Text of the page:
When Sir Thomas Lipton tried to organise the very first world cup by inviting the football associations of England, Germany, Switzerland and Italy to nominate a representative team for a magnificent trophy he had made specially, the English FA were reluctant to become involved and refused to name a club that would represent them in the first ever world cup in Italy. It may seem bizarre that eventually, a team not affiliated to the English FA, from the village of West Auckland in County Durham, represented England. The team of miners and working men even more bizarrely won! Two years later, the world cup was played for again, and as Champions West Auckland were asked to defend their trophy. Not only did they again beat the cream of the continent, but in the final faced Juventus, who they promptly dispatched by 6-1!
As the World Cup we now all celebrate was born out of the ashes of Sir Thomas Lipton's initial enterprise got underway in the 1930s, the English FA was again found wanting, and refused to take part with the national team. A decade later, WWII intervened, the world changed, and by 1950 there had been a change of heart.
One of the keys to this change of heart was Arthur Drewry, Grimsby Town director, and Chairman. However, because of the war and the continuing need for major infrastructure to be rebuilt across Europe, the thought of hosting a world cup was too much for all European governments. In 1949 though, Brazil put in a bid to do so, having also been one of the bidders for the cancelled 1942 tournament alongside Germany. England began to prepare, safe in the knowledge that they were highly likely to beat any opposition put in front of them. Several of the original 16 teams withdrew, including Scotland (because they hadn't won the Home International Championship), Turkey, France ….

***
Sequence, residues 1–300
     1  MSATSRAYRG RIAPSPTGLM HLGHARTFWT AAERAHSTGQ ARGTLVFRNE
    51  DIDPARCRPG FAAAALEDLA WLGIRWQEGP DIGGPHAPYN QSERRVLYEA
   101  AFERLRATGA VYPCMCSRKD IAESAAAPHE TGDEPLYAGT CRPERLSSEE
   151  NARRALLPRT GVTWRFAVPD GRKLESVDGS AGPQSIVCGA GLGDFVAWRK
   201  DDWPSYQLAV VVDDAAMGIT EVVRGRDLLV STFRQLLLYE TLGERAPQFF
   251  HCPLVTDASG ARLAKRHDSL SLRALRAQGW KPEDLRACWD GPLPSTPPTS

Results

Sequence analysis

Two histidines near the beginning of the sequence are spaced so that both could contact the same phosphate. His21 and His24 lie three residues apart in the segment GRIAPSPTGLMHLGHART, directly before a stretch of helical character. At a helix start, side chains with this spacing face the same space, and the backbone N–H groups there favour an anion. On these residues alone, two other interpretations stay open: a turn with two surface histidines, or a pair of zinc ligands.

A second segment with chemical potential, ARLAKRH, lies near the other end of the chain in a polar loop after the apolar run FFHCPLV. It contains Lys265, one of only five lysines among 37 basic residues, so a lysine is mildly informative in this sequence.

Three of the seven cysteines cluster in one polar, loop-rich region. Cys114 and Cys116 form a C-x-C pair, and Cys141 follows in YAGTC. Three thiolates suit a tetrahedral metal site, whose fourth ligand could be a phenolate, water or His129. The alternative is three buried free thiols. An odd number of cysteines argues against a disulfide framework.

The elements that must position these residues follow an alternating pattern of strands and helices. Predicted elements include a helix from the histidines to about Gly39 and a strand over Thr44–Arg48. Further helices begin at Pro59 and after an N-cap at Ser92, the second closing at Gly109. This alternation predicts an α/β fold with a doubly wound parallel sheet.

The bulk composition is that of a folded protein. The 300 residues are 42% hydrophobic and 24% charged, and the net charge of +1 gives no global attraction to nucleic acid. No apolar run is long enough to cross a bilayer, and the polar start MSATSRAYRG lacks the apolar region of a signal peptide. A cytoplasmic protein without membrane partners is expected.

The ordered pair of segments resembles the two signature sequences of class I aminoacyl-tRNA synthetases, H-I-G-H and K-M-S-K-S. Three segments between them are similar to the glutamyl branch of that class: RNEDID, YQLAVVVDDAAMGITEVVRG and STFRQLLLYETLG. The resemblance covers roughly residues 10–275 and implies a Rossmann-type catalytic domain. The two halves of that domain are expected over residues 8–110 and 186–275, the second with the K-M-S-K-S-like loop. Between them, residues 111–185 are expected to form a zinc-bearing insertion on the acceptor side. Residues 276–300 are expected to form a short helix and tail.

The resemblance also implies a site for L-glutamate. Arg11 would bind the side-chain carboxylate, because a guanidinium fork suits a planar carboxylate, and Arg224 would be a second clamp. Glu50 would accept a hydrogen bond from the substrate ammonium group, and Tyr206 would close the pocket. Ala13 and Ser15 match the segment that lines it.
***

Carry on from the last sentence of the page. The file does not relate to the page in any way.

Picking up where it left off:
England had a team touring Canada as the World Cup approached, so whilst the main England team went to Brazil, with manager Walter Winterbottom and Arthur Drewry as FA representative, the rest of the Committee stayed in Canada with the touring team. This left the "committee" that picked the England team with a total of one member …. Our Arthur!
First up in the league section of the competition was Chile. They were dispatched 2-0 with goals from Mortensen and Mannion.
Second match for England was against the USA, a doddle of a match if ever there was one. Arthur decided on keeping a successful team together, and shots rained in on the American goal from all angles. The Times reported that never had an England team played so badly, and the disaster was that Gaetjens struck for the Americans. Together with a 6-3 home defeat to Hungary in 1953, this became one of the two most ignominious defeats in the England team's history!
The final group match was against Spain, and in front of 75,000 Brazilians, England lost again to the only goal of the game and were eliminated.
Arthur Drewry went on to become the head of FIFA, in 1955, organising the FIFA end of the tournament in Sweden which included our own Johnny Scott, and set up the foundations for England to host, and win the 1966 World Cup, although he died 5 years before it was to take place.
In a world where football administrators now earn vast sums, Arthur did it all for expenses only, and for the love of the game.
So as you cheer on the Three Lions, remember the part played by Arthur Drewry, and Grimsby Town in originally getting England to the World Cup. And just a footnote from history. The final four in 1950 were Spain, Uruguay, Brazil and Sweden …………….